13. Krause, Michael U. & Lubik, Thomas A., 2006. "The cyclical upgrading of labor and on-the-job search," Labour Economics, Elsevier, vol. 13(4), pages 459-477, August.
    14. Marianna Kudlyak & Felipe Schwartzman, 2012. "Accounting for unemployment in the Great Recession : nonparticipation matters," Working Paper 12-04, Federal Reserve Bank of Richmond.
    15. Shigeru Fujita & Giuseppe Moscarini, 2013. "Recall and Unemployment," NBER Working Papers 19640, National Bureau of Economic Research, Inc.
    16. Murat Tasci, 2012. "The Ins and Outs of Unemployment in the Long Run: Unemployment Flows and the Natural Rate," Koç University-TUSIAD Economic Research Forum Working Papers 1233, Koc University-TUSIAD Economic Research Forum.
    17. Guido Matias Cortes & Nir Jaimovich & Christopher J. Nekarda & Henry E. Siu, 2014. "The Micro and Macro of Disappearing Routine Jobs: A Flows Approach," NBER Working Papers 20307, National Bureau of Economic Research, Inc.
    18. David H. Autor & Frank Levy & Richard J. Murnane, 2003. "The skill content of recent technological change: an empirical exploration," Proceedings, Federal Reserve Bank of San Francisco, issue Nov.
    19. Dale T. Mortensen & Christopher A. Pissarides, 1994. "Job Creation and Job Destruction in the Theory of Unemployment," Review of Economic Studies, Oxford University Press, vol. 61(3), pages 397-415.
    20. Guido Matias Cortes, 2012. "Where Have the Routine Workers Gone? A Study of Polarization Using Panel Data," The School of Economics Discussion Paper Series 1224, Economics, The University of Manchester.
    21. Michael W. Elsby & Donggyun Shin & Gary Solon, 2013. "Wage Adjustment in the Great Recession," NBER Working Papers 19478, National Bureau of Economic Research, Inc.
    22. David H. Autor & David Dorn, 2009. "The Growth of Low Skill Service Jobs and the Polarization of the U.S. Labor Market," NBER Working Papers 15150, National Bureau of Economic Research, Inc.
    23. Steven J. Davis & R. Jason Faberman & John Haltiwanger, 2009. "The establishment-level behavior of vacancies and hiring," Working Papers 09-14, Federal Reserve Bank of Philadelphia.
    24. Beaudry, Paul & DiNardo, John, 1991. "The Effect of Implicit Contracts on the Movement of Wages over the Business Cycle: Evidence from Micro Data," Journal of Political Economy, University of Chicago Press, vol. 99(4), pages 665-88, August.
    25. Christopher Reicher, 2011. "The aggregate effects of long run sectoral reallocation," Kiel Working Papers 1720, Kiel Institute for the World Economy.
    26. Abowd, John M & Zellner, Arnold, 1985. "Estimating Gross Labor-Force Flows," Journal of Business & Economic Statistics, American Statistical Association, vol. 3(3), pages 254-83, June.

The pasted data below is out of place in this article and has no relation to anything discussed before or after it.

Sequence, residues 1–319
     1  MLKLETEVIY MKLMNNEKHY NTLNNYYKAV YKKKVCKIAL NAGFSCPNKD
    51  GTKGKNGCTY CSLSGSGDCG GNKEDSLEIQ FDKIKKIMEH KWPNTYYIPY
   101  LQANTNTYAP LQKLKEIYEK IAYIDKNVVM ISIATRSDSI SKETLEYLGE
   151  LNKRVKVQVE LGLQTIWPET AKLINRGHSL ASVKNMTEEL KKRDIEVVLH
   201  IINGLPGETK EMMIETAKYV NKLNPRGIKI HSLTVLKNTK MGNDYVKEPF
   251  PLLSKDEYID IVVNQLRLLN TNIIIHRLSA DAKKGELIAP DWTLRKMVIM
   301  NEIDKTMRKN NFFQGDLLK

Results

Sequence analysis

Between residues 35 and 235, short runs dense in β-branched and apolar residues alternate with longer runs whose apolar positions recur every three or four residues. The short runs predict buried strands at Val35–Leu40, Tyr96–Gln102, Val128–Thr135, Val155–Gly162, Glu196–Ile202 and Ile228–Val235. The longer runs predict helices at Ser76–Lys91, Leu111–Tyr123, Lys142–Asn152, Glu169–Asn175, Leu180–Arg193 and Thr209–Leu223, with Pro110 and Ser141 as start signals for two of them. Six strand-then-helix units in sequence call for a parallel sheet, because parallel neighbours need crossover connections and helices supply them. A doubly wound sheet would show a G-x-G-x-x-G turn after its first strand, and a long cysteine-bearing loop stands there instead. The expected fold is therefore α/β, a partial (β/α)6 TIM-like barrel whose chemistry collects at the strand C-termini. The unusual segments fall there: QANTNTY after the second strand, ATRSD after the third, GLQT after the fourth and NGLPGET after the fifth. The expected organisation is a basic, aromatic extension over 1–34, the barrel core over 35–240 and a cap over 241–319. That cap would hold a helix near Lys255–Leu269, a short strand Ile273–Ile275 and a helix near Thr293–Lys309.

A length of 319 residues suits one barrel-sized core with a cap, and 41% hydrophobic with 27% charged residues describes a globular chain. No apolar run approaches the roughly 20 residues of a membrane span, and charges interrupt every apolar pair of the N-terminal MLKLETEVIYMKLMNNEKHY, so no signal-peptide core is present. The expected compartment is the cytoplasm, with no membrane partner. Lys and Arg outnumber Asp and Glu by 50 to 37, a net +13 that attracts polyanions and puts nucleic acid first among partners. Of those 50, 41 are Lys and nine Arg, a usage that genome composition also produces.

27. Charles A. Fleischman & John M. Roberts, 2011. "From many series, one cycle: improved estimates of the business cycle from a multivariate unobserved components model," Finance and Economics Discussion Series 2011-46, Board of Governors of the Federal Reserve System (U.S.).
    28. Steven J. Davis & John Haltiwanger, 1990. "Gross Job Creation and Destruction: Microeconomic Evidence and Macroeconomic Implications," NBER Chapters, in: NBER Macroeconomics Annual 1990, Volume 5, pages 123-186 National Bureau of Economic Research, Inc.
    29. Nir Jaimovich & Henry E. Siu, 2012. "The Trend is the Cycle: Job Polarization and Jobless Recoveries," NBER Working Papers 18334, National Bureau of Economic Research, Inc.
    Full references (including those not matched with items on IDEAS)

    This item is not listed on Wikipedia, on a reading list or among the top items on IDEAS.

    When requesting a correction, please mention this item's handle: RePEc:nbr:nberch:13427. See general information about how to correct material in RePEc.

    For technical questions regarding this item, or to correct its authors, title, abstract, bibliographic or download information, contact: ()

    If you have authored this item and are not yet registered with RePEc, we encourage you to do it here. This allows to link your profile to this item. It also allows you to accept potential citations to this item that we are uncertain about.

    If references are entirely missing, you can add them using this form.

    If the full references list an item that is present in RePEc, but the system did not link to it, you can help with this form.

    If you know of missing items citing this one, you can help us creating those links by adding the relevant references in the same way as above, for each refering item. If you are a registered author of this item, you may also want to check the "citations" tab in your profile, as there may be some citations waiting for confirmation.

    Please note that corrections may take a couple of weeks to filter through the various RePEc services.

    This information is provided to you by IDEAS at the Research Division of the Federal Reserve Bank of St. Louis using RePEc data.